Abstract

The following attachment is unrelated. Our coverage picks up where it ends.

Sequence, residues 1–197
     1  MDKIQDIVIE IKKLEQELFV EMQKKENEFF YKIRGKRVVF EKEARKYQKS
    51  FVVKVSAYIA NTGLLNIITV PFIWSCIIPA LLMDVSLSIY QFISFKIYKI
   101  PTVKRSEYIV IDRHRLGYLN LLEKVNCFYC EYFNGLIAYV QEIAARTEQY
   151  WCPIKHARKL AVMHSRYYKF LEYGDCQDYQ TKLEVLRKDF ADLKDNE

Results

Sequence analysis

Hypersaline brines of marine origin, deep within fractured crystalline rocks of the Canadian Shield, are characterized by calcium-chloride compositions with relatively low concentrations of magnesium and sulphate. Such chemistries among crustal fluids are very unusual, regardless of their origins, which makes it difficult to identify possible genetic associations between shield brines and other marine brines. Key conservative chemical and isotopic attributes of shield brines from the Yellowknife and Sudbury areas are similar, however, to those of fluid inclusions in sparry, late-stage hydrothermal dolomites in lower Paleozoic carbonates of the Western Canada Sedimentary Basin, suggesting that both fluid types originated from a residual seawater brine of probable Devonian age. This interpretation is supported by determination of a helium-4 model age for the Yellowknife brine that is consistent with a Devonian origin. Therefore, dolomitization was likely both a major source of Ca and a sink for about half of the initial Mg in the brine prior to its infiltration into the underlying basement rocks. Mass-balance considerations indicate that albitization of plagioclase, predominantly in basinal clastic sediments, was an equally important mineral source of Ca to the infiltrating brine, but interactions with carbonate and silicate rocks cannot account for the entire Ca inventory in the brine. A major contribution to the Ca budget must also have been initially provided by the evaporative concentration of seawater, which is only possible if it were enriched in calcium and depleted in sulphate compared with modern seawater, as was probably the case during Devonian time.

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